“Pretty good effort by our guys on our back-to-back,” said Pierce in his opening statement. “Come out, fly around, great energy, Taurean (Prince), John (Collins), Trae (Young), DeAndre’ (Bembry). I just thought- normally, you see a team when you get back about 2:30 in the morning, you can find every excuse. We went the opposite direction. I thought our guys came out and had a great spirit and energy all game. Just kind of had our way tonight.”
Having a fresh John Collins and Taurean Prince certainly helps (they didn’t feature on Tuesday against the Spurs) but the Hawks are still shorthanded in the front court with Dewayne Dedmon and Miles Plumlee out for the remainder of the season, Omari Spellman and Alex Poythress both unlikely to return and Vince Carter being rested.
The game marked the last back-to-back of the season, coming as a relief to all.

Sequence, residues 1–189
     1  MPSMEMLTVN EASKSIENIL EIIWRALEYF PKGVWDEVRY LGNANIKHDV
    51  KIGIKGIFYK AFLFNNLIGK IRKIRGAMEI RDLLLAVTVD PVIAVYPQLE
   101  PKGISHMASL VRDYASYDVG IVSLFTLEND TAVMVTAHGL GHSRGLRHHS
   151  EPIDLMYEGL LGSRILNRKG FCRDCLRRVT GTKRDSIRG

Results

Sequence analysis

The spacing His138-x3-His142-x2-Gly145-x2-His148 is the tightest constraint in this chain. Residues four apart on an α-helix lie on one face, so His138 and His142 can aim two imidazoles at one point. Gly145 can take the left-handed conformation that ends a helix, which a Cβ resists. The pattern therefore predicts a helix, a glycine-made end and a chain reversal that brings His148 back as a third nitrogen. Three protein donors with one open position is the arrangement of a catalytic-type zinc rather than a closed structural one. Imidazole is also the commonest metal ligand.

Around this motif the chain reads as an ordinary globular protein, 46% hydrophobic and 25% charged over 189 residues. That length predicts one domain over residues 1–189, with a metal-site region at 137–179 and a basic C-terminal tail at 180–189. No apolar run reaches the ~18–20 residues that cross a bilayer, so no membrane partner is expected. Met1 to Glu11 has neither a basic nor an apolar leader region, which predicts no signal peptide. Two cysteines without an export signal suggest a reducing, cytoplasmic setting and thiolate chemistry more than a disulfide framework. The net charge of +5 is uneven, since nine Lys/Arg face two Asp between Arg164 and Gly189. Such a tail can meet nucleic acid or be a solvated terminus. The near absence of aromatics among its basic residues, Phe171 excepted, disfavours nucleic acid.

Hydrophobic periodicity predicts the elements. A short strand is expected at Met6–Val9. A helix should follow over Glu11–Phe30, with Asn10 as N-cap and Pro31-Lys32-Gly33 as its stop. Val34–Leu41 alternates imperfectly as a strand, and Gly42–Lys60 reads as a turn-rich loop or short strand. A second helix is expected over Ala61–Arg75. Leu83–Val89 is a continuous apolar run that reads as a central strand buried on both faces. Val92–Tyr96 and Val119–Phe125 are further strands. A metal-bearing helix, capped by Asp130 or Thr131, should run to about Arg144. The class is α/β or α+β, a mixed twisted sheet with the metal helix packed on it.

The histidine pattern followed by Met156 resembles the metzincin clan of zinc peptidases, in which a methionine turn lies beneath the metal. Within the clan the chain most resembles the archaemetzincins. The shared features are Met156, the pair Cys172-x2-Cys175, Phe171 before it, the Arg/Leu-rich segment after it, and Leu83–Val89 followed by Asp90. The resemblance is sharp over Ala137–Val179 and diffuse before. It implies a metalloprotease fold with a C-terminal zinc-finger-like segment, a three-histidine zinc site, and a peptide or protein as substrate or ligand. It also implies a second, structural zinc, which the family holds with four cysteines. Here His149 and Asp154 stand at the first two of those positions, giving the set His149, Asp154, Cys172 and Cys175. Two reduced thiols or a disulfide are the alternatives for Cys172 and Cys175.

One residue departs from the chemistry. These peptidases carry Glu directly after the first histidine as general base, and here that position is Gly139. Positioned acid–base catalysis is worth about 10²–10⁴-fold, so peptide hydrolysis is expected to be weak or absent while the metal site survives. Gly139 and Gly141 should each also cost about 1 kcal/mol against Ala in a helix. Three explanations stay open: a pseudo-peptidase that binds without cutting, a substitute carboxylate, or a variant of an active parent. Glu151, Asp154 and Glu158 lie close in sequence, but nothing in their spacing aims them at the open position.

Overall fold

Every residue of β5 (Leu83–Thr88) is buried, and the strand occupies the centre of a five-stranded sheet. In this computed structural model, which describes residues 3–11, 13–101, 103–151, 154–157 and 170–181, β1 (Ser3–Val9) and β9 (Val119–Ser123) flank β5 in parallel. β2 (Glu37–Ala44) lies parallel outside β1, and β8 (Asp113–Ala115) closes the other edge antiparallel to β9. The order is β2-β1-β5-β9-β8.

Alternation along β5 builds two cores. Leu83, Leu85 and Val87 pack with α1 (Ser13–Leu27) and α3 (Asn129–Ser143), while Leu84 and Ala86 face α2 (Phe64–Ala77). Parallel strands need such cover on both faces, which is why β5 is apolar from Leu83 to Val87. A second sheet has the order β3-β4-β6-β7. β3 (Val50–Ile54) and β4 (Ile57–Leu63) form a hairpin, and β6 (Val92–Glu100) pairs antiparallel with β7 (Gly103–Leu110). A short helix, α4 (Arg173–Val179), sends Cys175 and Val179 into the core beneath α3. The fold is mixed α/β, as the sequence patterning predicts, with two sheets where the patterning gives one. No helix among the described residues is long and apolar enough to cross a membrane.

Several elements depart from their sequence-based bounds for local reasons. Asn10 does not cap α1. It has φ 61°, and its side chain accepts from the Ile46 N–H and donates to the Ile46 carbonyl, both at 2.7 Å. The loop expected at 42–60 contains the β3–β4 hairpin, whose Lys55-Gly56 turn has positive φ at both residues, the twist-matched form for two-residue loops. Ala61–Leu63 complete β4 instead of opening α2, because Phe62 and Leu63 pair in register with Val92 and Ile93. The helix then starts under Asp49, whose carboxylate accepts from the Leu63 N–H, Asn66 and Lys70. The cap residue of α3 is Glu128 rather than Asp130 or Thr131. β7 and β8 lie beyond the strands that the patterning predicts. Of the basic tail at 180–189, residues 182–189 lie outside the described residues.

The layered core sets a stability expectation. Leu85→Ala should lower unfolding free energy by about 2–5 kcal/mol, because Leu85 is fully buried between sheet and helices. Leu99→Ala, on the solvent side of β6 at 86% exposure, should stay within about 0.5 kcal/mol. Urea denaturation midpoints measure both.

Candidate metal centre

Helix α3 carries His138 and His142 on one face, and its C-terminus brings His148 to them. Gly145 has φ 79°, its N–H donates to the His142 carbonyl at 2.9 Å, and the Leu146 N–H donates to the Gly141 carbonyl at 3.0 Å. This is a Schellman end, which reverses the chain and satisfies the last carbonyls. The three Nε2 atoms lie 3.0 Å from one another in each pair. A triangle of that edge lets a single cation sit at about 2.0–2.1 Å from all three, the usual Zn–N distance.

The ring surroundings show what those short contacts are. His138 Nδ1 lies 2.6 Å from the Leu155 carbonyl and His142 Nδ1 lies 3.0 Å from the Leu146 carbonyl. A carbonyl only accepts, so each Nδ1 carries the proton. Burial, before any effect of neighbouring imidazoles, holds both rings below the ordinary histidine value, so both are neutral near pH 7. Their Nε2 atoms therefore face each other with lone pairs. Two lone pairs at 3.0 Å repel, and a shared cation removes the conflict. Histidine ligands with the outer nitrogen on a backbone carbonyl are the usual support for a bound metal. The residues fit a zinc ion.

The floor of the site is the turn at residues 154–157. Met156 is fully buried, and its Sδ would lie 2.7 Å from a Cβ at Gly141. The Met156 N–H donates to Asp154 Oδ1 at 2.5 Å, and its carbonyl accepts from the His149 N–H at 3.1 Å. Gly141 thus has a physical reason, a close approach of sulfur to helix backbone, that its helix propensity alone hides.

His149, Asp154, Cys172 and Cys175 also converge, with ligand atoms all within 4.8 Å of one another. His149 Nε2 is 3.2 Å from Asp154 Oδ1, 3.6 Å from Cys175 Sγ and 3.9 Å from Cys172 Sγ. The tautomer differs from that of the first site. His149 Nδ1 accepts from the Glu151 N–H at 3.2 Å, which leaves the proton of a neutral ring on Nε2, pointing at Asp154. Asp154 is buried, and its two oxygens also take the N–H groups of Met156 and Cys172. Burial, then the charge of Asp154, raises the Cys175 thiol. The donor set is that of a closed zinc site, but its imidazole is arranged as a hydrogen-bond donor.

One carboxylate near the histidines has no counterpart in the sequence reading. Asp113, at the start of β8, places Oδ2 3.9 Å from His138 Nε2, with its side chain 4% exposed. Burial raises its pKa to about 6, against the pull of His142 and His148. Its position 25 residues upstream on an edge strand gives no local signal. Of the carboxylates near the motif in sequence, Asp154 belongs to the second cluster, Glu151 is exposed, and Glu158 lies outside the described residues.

“Just part of the NBA,” said Collins about playing a road/home back-to-back. “At the end of the year, you’re sort of in this routine of waking up, getting after it back-to-back. I think this is our last one of the year, so I’m happy to be done with them. I’m just happy to be done with back-to-backs. They’re not fun.”
The game also wrapped up the season series between the two sides, with the Hawks emerging as 3-1 winners. Not too shabby against a convincing playoff team.
“For some reason, we play well against playoff teams,” said Collins. “We get up to play. I feel like the second part is we’ve got a little bit of a cheat sheet with Coach Pierce knowing most of the roster and the guys and how they coach. I feel like that’s a big part to the puzzle as well.”